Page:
The brain region that makes ideas go viral

Amantha Imber /

Ever wondered what makes some ideas spread, and others fall flat? Some researchers at UCLA recently made a big breakthrough in understanding why some ideas spread like wildfire, and why others, well…don’t.

Matthew Lieberman, a professor of psychology, set up an experiment that exposed a group of people to several ideas, while they were hooked up to fMRI (functional magnetic resonance imaging) brain scanning. Lieberman found that the ideas that people wanted to spread activated a very specific region of the brain, called the temporoparietal junction – or TPJ for short.

Now, while this might be fascinating for the neuro geeks, here is the really interesting thing: The TPJ is involved in thinking about what other people think and feel. So, basically, when people are thinking about whether or not they will spread an idea, they are thinking “Who can I tell this to?” And if they can’t answer this question, they probably won’t spread the idea.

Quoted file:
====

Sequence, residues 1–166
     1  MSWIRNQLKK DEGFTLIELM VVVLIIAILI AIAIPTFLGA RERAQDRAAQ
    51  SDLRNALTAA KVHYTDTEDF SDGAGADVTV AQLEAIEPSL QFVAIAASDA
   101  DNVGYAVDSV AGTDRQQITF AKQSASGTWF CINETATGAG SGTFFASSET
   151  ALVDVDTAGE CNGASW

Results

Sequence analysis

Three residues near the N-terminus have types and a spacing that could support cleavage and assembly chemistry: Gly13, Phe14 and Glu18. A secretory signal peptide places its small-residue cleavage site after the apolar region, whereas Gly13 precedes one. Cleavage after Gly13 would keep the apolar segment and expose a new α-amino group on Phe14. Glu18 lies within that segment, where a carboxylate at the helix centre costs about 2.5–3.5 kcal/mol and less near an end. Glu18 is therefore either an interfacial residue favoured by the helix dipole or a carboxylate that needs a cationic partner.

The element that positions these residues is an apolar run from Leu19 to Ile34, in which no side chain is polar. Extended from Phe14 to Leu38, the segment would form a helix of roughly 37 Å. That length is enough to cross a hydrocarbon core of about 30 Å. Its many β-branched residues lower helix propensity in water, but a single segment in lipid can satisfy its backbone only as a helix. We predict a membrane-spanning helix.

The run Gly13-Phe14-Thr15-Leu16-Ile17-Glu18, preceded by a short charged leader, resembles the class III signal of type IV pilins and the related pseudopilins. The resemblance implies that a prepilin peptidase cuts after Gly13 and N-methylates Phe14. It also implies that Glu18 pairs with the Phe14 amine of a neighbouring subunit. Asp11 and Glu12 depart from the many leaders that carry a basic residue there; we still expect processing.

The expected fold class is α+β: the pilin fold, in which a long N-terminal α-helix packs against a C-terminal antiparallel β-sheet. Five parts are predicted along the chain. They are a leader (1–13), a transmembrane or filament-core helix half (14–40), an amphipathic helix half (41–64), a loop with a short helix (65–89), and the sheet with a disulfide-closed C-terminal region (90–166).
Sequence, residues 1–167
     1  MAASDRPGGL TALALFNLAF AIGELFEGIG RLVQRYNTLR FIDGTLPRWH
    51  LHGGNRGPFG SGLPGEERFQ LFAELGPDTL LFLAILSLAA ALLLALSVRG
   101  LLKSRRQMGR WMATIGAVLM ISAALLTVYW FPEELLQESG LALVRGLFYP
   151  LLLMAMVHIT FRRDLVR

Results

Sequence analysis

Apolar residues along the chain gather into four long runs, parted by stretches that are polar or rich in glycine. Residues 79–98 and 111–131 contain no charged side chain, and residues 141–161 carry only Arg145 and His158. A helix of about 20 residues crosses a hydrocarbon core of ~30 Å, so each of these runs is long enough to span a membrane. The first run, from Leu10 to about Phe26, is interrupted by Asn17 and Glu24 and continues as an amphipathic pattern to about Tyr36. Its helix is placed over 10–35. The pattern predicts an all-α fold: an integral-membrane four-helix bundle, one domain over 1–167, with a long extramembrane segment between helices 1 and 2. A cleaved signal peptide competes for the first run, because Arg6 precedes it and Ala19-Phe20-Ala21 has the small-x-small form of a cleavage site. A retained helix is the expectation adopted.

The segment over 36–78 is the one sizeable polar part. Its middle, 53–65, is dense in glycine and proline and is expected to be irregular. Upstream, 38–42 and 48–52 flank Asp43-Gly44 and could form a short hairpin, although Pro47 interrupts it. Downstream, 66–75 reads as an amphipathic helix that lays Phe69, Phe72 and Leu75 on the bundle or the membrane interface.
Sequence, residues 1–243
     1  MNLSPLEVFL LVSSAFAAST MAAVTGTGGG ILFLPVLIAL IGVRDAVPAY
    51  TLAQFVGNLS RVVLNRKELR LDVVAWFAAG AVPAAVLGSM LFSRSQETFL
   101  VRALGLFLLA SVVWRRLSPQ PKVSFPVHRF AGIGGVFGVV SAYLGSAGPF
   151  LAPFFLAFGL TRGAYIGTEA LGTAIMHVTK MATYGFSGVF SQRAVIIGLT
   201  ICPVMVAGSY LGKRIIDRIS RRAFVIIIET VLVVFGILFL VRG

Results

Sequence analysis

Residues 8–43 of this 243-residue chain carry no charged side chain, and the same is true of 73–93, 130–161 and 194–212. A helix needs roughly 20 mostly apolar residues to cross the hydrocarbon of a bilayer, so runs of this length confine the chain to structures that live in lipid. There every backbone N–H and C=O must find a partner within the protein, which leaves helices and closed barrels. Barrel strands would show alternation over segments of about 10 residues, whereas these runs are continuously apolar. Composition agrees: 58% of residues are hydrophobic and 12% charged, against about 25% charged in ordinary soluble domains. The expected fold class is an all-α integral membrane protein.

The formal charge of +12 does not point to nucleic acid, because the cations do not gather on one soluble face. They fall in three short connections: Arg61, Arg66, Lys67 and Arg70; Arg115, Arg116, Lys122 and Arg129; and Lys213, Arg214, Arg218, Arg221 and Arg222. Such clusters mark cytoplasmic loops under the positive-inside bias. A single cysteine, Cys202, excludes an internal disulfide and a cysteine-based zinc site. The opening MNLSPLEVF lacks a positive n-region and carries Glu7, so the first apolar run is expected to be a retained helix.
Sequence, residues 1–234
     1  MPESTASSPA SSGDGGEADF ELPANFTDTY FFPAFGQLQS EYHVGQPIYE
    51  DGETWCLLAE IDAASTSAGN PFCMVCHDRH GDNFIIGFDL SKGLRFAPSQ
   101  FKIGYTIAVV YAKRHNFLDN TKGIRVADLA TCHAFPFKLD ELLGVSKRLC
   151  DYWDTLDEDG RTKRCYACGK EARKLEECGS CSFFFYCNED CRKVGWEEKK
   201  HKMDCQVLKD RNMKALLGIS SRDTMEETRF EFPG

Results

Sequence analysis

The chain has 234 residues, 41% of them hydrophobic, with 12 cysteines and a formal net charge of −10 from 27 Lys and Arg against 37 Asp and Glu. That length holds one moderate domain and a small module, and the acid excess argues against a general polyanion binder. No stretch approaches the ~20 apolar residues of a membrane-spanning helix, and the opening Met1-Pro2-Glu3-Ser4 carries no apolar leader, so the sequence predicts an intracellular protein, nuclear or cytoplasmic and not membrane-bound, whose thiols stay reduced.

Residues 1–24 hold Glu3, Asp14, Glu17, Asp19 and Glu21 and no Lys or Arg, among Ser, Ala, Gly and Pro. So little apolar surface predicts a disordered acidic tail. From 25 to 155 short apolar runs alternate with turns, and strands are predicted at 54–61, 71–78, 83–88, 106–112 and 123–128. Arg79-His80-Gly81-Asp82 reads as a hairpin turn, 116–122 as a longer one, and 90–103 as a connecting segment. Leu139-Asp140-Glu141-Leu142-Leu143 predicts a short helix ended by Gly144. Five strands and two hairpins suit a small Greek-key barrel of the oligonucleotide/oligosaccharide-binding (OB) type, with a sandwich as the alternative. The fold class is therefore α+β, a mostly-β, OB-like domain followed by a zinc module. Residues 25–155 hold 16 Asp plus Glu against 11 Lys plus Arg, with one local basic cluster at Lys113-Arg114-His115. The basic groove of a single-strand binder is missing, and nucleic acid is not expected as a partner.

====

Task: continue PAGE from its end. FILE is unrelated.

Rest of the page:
This study shows that it is no longer enough to have an idea that appeals solely to the end user. Having someone like your product will not guarantee that the product idea will spread. Instead, if you want your idea to go viral, the end user needs to see it as appealing to their mates too.

So when creating ideas, ask yourself: Will my end user want to tell other people about it?

Amantha Imber

Dr Amantha Imber is the founder of innovation consultancy Inventium. Her latest book, The Innovation Formula, tackles the topic of how organisations can create a culture where innovation thrives.

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